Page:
Latinx Leadership Initiative marks 10th anniversary

The Boston College School of Social Work program will commemorate the milestone with a daylong event March 15

The Boston College School of Social Work’s widely praised Latinx Leadership Initiative will commemorate its 10th anniversary with a daylong event on March 15, “Well-Being of Latinx Communities: Social Work Response,” bringing together notable experts in social work education and practice, and other related fields.

Guest speakers at the LLI event will include past Massachusetts Secretary of Health and Human Services Marylou Sudders, a former BCSSW faculty member; Joy Rosen, vice president of Massachusetts General Hospital and Massachusetts General Physician Organization & Mass General Brigham, System Behavioral and Mental Health, who will give the keynote; and University of California-Berkeley School of Social Welfare Professor Kurt Organista, who will offer the closing remarks.

BCSSW Professor and LLI Founding Director Rocío Calvo and LLI Assistant Director Ximena Soto will be among the BC-affiliated speakers at the invitation-only event, which takes place in Barat House.

August 22, 2023 -- Rocío Calvo, Boston College School of Social Work Professor, and Founder/Director of Latinx Leadership Initiative (LLI), photographed in her McGuinn Hall office.

LLI Founding Director Rocío Calvo (Caitlin Cunningham)

Calvo founded the LLI in 2013, designing a cohort-based program that has prepared almost 240 bilingual and bicultural social workers to accompany Latinx communities in developing sustainable solutions to complex problems in health, education, housing, and other areas. Students in the program take courses in Spanish, complete internships in schools, hospitals, and prisons, and conduct cutting-edge research that shapes social workers’ strategies to support Latinx clients.

The initiative has been recognized as a Model Program for Diversity Education by the Council on Social Work Education’s Center for Diversity and Social & Economic Justice, and it received a top national award from Excelencia in Education.

When she first hatched the concept of LLI, Calvo wondered if her idea would even be considered, let alone accepted: “I basically said, ‘Trust me, it will work.’” Fortunately, BCSSW—where she earned a doctorate in 2009, joining the faculty in 2011 after a postdoc fellowship at Harvard—proved supportive.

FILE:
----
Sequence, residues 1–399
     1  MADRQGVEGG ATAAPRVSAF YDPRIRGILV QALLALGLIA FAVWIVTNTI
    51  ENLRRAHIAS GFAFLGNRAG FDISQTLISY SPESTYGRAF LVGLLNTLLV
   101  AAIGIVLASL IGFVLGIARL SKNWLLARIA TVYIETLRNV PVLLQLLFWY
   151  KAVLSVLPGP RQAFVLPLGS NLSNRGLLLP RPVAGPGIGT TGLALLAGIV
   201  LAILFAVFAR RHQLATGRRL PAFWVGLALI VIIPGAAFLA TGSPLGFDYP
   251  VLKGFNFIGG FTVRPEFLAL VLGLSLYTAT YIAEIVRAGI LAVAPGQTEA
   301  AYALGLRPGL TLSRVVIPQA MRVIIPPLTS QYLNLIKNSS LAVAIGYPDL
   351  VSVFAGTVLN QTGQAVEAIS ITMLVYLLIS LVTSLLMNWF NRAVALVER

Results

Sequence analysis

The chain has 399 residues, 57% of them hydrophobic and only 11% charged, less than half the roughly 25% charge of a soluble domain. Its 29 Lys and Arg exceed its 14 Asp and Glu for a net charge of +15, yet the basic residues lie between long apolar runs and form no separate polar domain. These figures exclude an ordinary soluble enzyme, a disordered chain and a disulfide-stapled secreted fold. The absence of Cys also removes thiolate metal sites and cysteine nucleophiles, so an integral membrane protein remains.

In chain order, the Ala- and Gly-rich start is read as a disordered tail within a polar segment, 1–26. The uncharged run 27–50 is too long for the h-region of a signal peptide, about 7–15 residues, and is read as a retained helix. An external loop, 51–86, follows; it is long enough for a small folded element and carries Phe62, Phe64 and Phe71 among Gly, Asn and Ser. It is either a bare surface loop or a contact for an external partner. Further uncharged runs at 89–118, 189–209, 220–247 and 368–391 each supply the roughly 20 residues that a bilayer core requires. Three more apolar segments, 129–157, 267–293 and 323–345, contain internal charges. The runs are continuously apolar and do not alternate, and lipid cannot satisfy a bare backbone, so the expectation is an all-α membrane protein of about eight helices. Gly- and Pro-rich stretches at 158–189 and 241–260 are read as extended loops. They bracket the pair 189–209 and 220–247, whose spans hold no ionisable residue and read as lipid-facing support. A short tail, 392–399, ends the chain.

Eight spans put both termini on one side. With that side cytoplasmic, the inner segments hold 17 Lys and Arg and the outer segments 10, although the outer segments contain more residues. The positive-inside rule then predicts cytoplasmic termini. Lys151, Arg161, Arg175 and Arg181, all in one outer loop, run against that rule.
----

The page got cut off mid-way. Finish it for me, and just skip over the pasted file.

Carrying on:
“BC is the very embodiment of Jesuit education: student formation,” she said, citing a quote by former Jesuit Superior Hans Kolvenbach, S.J.: “The real measure of Jesuit universities lies in who our students become.”

“LLI students, many of whom are children of immigrants, relate to the mission for which BC was originally founded, to serve immigrant families,” Calvo continued. “As members of the community, LLI students and alumni become the bridge between the production of knowledge and the application of that knowledge to address issues identified by the community. So, as the birthplace of LLI, BC has had a significant impact on others.

“By teaching in Spanish, we open the door to changing the learning space in which students interact. For students, many for the first time, this change enables them to bring their authentic selves into academic spaces that have historically denied the full expression of their lived experiences.”

Rather than hold a 10th-anniversary celebration to sing the program’s praises, BCSSW organizers saw an opportunity for assessing LLI’s strengths and challenges, along with its future paths. To give the event added impact, the school invited deans from other social work schools—including Columbia University, University of Chicago, and University of Washington— as well as representatives from LLI’s partner organizations to discuss the health and mental health issues confronting Latinx communities in Massachusetts and nationwide; how to enable agencies to deliver culturally and linguistically congruent social work practice; and how bridging social work practice and research can address challenges facing Latinx communities.

“We thought, ‘Why not go deep? Let’s bring in our social work colleagues as well as our community partners—like the East Boston Neighborhood Health Center and the Boston Public Schools—to look at what’s been done so far, and what we could do,’” said Calvo, crediting BCSSW Dean Gautam Yadama for suggesting the format. “I want to learn. We all want to learn. This is the way to do it.”

“A decade of Latinx Leadership Initiative indicates BCSSW’s national leadership in innovative social work practice,” said Yadama, who along with Provost and Dean of Faculties David Quigley will give a welcome at the event. “In convening prominent scholars and deans from other leading schools of social work, we look forward to paving the way toward a collective social work response to securing the well-being of Latinx communities nationwide.”

BCSSW Director of Community-Based Initiatives Yvonne Castañeda and faculty members Carolina Vélez-Grau, Kirsten Davison, Christopher Salas-Wright, and María Fernanda Piñeros-Leaño also will participate in the gathering.

Calvo—who cites LLI’s financial sustainability as an important challenge in the coming years—is gratified by the overall success of LLI, but it is the program’s smaller, everyday triumphs that mean the most to her.

“What keeps me going are the students,” she said. “To see them going to class, doing the work, discovering their strengths and abilities, and observe their transformation into caring professionals committed to improving people’s lives—that is our mission at its core.”

For more information about the Latinx Leadership Initiative, visit